“The government were slow off the mark and didn’t realise the scale of it. They’ve spoken to the industry but nowhere near soon enough. Bigger exporters would have put in contingency plans but even for them it’s a step into the unknown.”

Kinaxia is now “at a minimum needed to cope”, he concludes, and the next phase is growth. Despite the job cuts, he recruited five new sales people in September. The plan is to grow just over £20m a year for the next three years and, by the end of 2023, to become a £250m turnover business.

He also intends to fill geographic gaps, particularly in Scotland, Wales, Humberside and the South East – “either through acquisition or alliance”.

Long-term strategy

Ultimately, the plan is for Kinaxia to “up its game”, Hobbs explains, overlaying a national capability as part of a regional one and pushing into a different marketplace.

“We probably haven’t tapped into the £3m to 7m warehousing and distribution opportunities,” he says. “That’s what we’re slowly moving into. We’ve increased our warehousing footprint. We’ve got two million square feet now, another hundred thousand square feet opening as we speak and we’ll put in another two hundred thousand every year for the next two years.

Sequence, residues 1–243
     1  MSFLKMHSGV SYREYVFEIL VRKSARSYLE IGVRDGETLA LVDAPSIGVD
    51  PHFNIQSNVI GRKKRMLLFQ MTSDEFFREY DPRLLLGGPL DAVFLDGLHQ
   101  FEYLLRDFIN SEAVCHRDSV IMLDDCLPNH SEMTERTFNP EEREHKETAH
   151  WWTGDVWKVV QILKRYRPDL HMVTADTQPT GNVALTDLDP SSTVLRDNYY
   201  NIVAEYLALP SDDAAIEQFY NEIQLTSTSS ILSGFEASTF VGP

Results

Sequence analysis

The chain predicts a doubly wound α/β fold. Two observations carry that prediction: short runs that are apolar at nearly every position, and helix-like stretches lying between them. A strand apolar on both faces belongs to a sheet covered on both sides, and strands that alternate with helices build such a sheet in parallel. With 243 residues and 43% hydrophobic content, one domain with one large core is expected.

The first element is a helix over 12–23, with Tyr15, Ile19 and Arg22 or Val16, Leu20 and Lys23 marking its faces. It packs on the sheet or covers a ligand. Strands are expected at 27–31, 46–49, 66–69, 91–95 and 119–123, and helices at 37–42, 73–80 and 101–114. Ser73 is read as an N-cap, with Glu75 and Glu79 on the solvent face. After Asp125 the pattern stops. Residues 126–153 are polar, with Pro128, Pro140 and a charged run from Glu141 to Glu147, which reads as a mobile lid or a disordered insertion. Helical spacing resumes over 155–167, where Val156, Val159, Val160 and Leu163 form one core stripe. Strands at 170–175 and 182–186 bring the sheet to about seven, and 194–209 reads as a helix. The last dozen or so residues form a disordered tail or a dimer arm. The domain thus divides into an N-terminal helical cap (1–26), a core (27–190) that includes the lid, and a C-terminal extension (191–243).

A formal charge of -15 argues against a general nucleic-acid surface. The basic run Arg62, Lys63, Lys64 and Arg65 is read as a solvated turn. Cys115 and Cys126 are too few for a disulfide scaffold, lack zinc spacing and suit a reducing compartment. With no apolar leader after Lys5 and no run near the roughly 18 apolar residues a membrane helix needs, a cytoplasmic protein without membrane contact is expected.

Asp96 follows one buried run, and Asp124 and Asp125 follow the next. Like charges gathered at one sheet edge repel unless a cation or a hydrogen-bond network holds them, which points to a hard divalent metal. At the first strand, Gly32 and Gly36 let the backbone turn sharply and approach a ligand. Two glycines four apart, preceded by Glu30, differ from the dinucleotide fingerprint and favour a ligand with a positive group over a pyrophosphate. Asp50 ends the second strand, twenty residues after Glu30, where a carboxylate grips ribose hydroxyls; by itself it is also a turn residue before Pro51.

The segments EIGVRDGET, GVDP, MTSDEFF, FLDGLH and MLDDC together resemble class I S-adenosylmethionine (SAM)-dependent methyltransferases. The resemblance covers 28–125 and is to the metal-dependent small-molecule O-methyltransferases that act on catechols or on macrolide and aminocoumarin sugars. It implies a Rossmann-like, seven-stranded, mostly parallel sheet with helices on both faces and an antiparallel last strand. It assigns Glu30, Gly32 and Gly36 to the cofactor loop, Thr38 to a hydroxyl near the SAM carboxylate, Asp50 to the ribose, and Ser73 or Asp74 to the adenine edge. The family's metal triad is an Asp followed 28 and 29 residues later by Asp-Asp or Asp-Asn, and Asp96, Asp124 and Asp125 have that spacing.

“We’re probably a little bit below the radar from a visibility point of view. A lot of people would say they’re not too sure who we are but we were in the Sunday Times top 250 fastest-growing companies a few weeks ago. We’ll start getting our brand out there a bit more. That’ll encourage people to come to us.”

There’s been much talk lately about how the pandemic might accelerate technological innovation in the sector, but Hobbs takes a pragmatic view: "It’s about making sure we have best-in-class vehicle technology, planning, warehouse management and that we’re trialling fuel types for vehicles - electric vehicles. It’s all about low CO2, low emissions, quiet vehicles. I’m aware of blockchain and all that but it’s not keeping me awake at night.

"Where we’ll take it with electric is inner city conurbations; the South East is a challenge, and Manchester, Bristol and Birmingham. I’ve got a warehouse facility that can service inner city. We’ll do some pilots looking at those city centres."

But what about long haul?

"Filling stations is the big one," he says. "Once we have the infrastructure it’ll be the right thing to do. And the price is coming down so there's an incentive. Infrastructure is step one and then there’ll be a move towards it. With HGVs we’re probably a watcher. We’ll experiment with 10 of our vehicles. We’re not against it, it’s just making sure it’s the right investment.”